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Matt Mckenzie

Matt Mckenzie joined Business News in June 2014 and reports on projects, energy, agribusiness, small business, employment relations, manufacturing and economics. He completed bachelor of arts and bachelor of economics degrees at the University of Western Australia, majoring in political science and international relations, economics, and money and banking. He was formerly president of the UWA Student Guild, where he introduced the first private catering outlets on campus, and has worked at a financial services company.

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If you need to get in touch with me anonymously or through an encrypted service, you can contact me on Wickr at mattmckenzie. I'd also like to declare that I'm a member of the Liberal Party.      

Gebro into administration

Small indigenous business Gebro Contracting, which has worked with Main Roads and Georgiou Group, has entered administration.

No axe to grind as venues compete

Perth will soon be home to three venues with a very different type of entertainment - axe-throwing - adding to a growing number of nightlife options offering interactive activities to lure in punters.

Juwi to take RCR's role at Greenough solar

Synergy’s renewable power joint venture has chosen Juwi Renewable Energy to complete the expansion of Greenough River solar farm, nearly a year after previous contractor RCR entered administration.

Gas, batteries firm as coal exits

SPECIAL REPORT: Gas peaking generation and utility scale batteries will become increasingly valuable in WA as coal power units are retired and new wind farms come online.

$9.4m for Hazer hydrogen

A commercial biogas to hydrogen operation in Perth is a step closer for Hazer Group, after the company announced it had received approval from the Australian Renewable Energy Agency board for $9.4 million of funding.

Market improves for graduates

The graduate jobs market is a competitive environment, but there is cause for optimism as parts of the state’s economy emerge out of a downturn.

EC&M workers returning amid uncertainty

Nearly 160 of EC&M’s 400 employees will be back at work in September, with administrators progressing deals with major clients since the business hit the wall last week.

2050 net zero carbon target for WA

Western Australia will be carbon neutral by 2050 under an aspirational policy announced by the state government today, although it is not yet clear what mechanism will be used to achieve the goal.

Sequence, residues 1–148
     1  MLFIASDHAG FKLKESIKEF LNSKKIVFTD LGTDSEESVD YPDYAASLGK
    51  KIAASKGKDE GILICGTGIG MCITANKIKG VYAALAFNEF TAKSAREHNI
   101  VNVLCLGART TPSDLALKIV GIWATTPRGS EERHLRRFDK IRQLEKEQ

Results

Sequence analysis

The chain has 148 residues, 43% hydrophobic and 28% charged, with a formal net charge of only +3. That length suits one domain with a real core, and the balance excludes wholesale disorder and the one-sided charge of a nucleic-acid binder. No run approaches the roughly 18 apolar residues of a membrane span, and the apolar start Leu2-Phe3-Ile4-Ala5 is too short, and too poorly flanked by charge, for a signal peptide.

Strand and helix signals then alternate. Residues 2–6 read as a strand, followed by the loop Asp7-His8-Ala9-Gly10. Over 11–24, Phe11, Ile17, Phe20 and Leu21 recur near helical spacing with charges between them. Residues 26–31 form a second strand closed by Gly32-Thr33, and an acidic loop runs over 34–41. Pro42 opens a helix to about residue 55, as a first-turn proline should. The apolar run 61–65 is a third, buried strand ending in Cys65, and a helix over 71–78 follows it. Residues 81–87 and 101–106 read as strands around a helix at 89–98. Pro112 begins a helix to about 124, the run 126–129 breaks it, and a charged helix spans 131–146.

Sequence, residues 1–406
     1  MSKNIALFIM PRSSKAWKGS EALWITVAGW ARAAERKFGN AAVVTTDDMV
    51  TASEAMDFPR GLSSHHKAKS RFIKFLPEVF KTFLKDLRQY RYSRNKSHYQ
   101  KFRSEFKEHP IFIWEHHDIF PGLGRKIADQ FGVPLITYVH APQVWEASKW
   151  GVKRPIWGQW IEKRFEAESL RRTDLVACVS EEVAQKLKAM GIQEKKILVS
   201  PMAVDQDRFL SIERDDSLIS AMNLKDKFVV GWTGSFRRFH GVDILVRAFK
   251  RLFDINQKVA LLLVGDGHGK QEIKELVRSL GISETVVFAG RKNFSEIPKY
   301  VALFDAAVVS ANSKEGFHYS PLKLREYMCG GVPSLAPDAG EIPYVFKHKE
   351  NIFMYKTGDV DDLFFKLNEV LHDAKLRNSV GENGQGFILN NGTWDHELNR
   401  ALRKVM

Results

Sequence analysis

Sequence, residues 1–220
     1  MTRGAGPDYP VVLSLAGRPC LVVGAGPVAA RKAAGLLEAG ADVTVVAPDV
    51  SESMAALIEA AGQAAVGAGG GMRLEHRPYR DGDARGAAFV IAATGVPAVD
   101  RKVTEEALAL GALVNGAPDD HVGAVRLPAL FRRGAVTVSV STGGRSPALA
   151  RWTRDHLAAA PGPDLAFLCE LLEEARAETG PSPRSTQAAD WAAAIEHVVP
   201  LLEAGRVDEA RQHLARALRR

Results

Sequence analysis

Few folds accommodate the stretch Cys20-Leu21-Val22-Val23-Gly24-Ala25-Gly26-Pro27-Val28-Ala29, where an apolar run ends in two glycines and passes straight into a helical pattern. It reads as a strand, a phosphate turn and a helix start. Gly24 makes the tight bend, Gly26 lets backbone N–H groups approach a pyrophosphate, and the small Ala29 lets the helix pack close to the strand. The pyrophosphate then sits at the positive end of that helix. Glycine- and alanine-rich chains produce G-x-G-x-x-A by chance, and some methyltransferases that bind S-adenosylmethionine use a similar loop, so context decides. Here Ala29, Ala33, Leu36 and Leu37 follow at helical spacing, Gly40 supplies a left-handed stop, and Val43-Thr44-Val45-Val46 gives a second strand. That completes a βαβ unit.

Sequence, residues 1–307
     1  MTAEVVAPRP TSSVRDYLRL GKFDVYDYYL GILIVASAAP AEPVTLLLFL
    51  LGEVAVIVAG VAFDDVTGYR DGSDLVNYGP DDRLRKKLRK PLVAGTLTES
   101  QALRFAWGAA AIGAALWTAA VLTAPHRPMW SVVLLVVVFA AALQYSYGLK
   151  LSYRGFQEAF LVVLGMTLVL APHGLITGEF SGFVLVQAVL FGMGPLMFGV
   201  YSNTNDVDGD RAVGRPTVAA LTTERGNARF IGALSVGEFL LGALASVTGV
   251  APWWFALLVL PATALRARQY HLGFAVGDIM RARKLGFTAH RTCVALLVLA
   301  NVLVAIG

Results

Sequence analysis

Retail, hospitality hit by rents, slow spending

The rate of business failures in hospitality and retail during the past year should be ringing alarm bells for decision makers.

Suppliers caught in EC&M insolvency

Bibra Lake-based Magellan Power has been hit by the insolvency of EC&M after supplying nearly $500,000 of equipment to a project, leading managing director Masoud Abshar to add his voice to calls for stronger laws around payment of subcontractors.

Kelly nationalises water maintenance

The WA government has turned the clock back by returning maintenance and operations work across Water Corporation’s Perth and Mandurah networks to state control.

EC&M into administration

Henderson-based electrical contractor EC&M has entered administration this morning, with about 400 staff to be temporarily stood down.

Ayles gives fashion fest a sporting chance

Creating a more inclusive fashion festival and controlling costs have been the two priorities for the new boss of the Fashion Council WA.

Banks beware a currency revolution

Australia’s big four banks could be reduced to one within a decade, in an extreme scenario, as Western countries follow moves in China towards the mass adoption of social media-based payment systems, according to a New York University professor visiting Perth.

Gold miners reap rewards of strong market

Strong gold prices and higher production levels have helped lift revenue at gold miners Saracen Mineral Holdings and Regis Resources, with Saracen’s net profit up 22 per cent to $92.5 million.

Pay deal approved by public workers

A new wages deal for public sector workers that offers an extra holiday and superannuation payments during unpaid leave had been approved by workers, two months after Business News revealed the public sector union had claimed the deal broke the state government’s pay policy.

Java runs out of juice

The Leederville-based business which owns the iconic Perth brand Java Juice has entered administration, with stores in Joondalup and Perth closing doors in recent weeks.

Activists arrested in parliament showdown

Eight protesters were arrested at state parliament today as members of the Extinction Rebellion group took their climate change activism to the next level, with a sitting in the legislative assembly brought to a standstill.

Woodside setting up balance sheet for big build